Apr 23, 2014, 9:25 am (BST)
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German parliament roundly backs Greek lifeline
BERLIN, Feb 28 (BSS/AFP) - German lawmakers voted overwhelmingly yesterday to endorse a second multi-billion euro lifeline for Greece after Chancellor Angela Merkel warned failure to act would run incalculable risks.

Deputies voted by 496 to 90, with five abstentions, to approve the eurozone deal to hand Athens another 130 billion euros ($175 billion) ahead of a key EU summit later this week to ratify the package.

"The risks of turning away from Greece now are incalculable," Merkel told the 591 lawmakers of the Bundestag lower house who had gathered for a special session to vote on the Greek package.

"No-one can assess what consequences would arise for the German economy, on Italy, Spain, the eurozone as a whole and finally for the whole world" of a Greek bankruptcy, she added.

But Merkel acknowledged that Greece faced a path ahead that was long and not without risk, adding: "That goes also for the success of the new programme. Nobody can give a 100-percent guarantee of success."

The Bundestag vote was not in doubt after two of the three opposition parties vowed to support it but it was done with some

"It's not an easy decision," Gerda Hasselfeldt, of the Christian Social Union, the Bavarian sister party of Merkel's Christian Democratic Union, said, warning that solidarity was not "unlimited."

Despite the motion's approval, German scepticism about Greece remains.

"The Bundestag will in the foreseeable future be dealing with a third (rescue) package for Greece," said SPD member Peer Steinbrueck, a former finance minister, adding that to really stabilise Greece, strong growth was needed.

"Billions for Greeks. STOP!" the mass-circulation Bild headlined on its front page Monday.

A majority of Germans oppose giving more aid to Greece, a
poll by the Emnid institute for Bild am Sonntag newspaper showed,
with 62 percent saying the Bundestag should vote 'No' while 33
percent called for its approval.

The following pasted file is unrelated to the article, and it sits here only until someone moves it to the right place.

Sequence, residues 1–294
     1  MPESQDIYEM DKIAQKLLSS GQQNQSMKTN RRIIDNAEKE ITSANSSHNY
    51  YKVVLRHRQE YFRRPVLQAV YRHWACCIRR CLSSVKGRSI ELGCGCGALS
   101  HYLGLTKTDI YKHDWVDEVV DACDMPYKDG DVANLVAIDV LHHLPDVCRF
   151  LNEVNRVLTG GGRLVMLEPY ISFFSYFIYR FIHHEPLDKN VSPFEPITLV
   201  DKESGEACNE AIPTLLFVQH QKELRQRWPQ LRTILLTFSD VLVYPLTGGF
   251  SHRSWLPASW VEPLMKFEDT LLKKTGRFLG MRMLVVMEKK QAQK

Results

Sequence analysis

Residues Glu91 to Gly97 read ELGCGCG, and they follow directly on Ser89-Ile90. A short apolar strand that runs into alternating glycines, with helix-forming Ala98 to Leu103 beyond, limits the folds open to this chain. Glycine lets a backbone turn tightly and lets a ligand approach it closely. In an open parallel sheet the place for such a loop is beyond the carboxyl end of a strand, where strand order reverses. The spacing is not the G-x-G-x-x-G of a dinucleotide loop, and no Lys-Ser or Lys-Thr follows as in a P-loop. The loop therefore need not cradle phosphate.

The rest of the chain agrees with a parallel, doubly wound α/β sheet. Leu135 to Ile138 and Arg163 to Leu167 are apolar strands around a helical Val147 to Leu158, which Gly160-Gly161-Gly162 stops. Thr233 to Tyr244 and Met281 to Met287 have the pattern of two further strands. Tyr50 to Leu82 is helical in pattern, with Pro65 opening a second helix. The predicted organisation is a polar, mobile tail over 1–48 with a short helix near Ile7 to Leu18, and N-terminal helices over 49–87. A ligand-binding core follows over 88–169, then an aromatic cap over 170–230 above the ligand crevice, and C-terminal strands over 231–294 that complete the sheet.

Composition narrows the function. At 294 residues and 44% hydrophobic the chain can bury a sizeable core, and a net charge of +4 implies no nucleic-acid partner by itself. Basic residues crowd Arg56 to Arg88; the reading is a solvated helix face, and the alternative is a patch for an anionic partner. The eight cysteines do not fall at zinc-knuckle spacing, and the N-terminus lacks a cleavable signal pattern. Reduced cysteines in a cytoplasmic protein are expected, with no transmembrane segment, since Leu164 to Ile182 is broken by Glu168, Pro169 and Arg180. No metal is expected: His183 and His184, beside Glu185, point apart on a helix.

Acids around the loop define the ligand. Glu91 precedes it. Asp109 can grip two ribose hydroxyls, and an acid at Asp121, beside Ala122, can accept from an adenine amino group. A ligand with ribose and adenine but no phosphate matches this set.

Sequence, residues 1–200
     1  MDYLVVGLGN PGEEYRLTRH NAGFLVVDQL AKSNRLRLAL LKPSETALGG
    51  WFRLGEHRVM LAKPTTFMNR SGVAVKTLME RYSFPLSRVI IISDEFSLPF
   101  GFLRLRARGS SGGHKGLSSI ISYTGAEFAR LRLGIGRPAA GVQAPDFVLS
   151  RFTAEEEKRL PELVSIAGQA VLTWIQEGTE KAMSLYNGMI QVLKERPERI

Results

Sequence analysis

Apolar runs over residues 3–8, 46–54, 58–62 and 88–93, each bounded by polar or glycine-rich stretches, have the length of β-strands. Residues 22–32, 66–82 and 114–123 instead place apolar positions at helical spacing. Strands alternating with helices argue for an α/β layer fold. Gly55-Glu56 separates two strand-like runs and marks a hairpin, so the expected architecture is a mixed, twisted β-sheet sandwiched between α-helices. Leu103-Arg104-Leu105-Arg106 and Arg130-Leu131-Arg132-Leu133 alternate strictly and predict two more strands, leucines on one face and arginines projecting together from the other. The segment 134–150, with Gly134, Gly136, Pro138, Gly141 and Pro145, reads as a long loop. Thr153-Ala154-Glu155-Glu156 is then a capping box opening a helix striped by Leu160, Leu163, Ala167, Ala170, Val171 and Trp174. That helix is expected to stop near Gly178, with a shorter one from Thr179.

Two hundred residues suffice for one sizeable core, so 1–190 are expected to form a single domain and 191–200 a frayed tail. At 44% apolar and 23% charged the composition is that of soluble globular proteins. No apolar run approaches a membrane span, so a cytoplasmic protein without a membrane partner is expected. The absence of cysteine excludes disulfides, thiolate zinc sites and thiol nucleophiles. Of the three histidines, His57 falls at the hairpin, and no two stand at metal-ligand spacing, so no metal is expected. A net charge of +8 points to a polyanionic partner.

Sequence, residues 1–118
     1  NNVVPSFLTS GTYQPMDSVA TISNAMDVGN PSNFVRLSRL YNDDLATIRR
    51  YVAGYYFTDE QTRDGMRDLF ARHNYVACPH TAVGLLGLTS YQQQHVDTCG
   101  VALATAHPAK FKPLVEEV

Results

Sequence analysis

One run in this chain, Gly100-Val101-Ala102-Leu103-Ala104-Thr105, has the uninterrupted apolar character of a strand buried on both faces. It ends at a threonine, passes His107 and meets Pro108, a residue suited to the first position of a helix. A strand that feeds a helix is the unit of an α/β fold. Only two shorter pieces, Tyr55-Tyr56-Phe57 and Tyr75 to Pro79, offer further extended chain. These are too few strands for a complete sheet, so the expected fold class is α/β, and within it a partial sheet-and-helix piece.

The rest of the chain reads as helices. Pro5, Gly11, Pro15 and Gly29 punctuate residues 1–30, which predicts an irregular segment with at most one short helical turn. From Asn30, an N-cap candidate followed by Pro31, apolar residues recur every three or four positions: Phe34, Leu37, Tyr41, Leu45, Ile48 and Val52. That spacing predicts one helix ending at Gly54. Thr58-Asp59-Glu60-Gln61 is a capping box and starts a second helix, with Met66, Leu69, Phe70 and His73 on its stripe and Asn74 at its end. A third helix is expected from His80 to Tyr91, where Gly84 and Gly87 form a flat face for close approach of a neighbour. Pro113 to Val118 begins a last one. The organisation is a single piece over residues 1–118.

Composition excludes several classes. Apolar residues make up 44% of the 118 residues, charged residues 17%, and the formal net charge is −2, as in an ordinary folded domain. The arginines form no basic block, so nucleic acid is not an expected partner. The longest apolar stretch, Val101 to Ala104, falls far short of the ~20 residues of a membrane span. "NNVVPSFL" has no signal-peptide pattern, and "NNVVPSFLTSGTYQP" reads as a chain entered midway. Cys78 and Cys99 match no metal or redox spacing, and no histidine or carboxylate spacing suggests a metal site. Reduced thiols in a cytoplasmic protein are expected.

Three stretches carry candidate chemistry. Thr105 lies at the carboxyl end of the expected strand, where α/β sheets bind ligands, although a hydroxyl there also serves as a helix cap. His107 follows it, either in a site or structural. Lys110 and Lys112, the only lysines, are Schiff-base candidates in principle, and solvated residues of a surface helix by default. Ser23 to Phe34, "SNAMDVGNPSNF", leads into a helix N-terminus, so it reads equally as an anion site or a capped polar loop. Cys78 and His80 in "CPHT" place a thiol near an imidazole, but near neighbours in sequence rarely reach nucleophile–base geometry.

Prior to the vote, German Interior Minister Hans-Peter
Friedrich had caused a stir by saying Greece should be given
"incentives" to leave the eurozone so it could then better put
its fiscal house in order.

While stressing he did not mean Greece should be kicked out
of the 17- nation bloc, his comments to news weekly Der Spiegel
fly in the face of the government's repeated wish for Greece to
remain in the eurozone.

For Merkel, it was important on the domestic political front
that she garnered enough support from within her own camp to pass
the motion without the humiliation of having to rely on
opposition votes.

Seventeen members of her centre-right coalition of CDU and
Free Democrats defied her, with three abstentions, compared to
the figures for 'rebels' in September and October votes of 15 and
14 respectively.

The latest package for Athens, hammered out by eurozone
finance ministers last week, will come from the eurozone's
current bailout fund, the EFSF, and does not require the stumping
up of fresh funding.

Germany, Europe's biggest economy and effective paymaster,
came under renewed pressure at a G20 weekend gathering in Mexico
to agree a bolstering of the eurozone's defence funds, the EFSF
and its successor, to 750 billion euros.

Berlin believes that with calmer market conditions and lower
bond yields for Spain and Italy, the risk of debt crisis
contagion is lower and the pressure to bolster the zone's
defences has lessened.

"The government sees at present no necessity for a debate on
the increase of the capacity" of the eurozone's bailout funds,
Merkel told parliament.

But she said it would first be necessary to see the results
of a Greek operation to write-down nearly a third of its debt
before making a final decision on the issue.

Under the EU plan for Athens, Greece would receive up to 130
billion euros in direct loans by 2014 in return for tough new
austerity measures and tighter EU-IMF oversight of its economy.

A private creditor bond writedown is worth another 107
billion euros.
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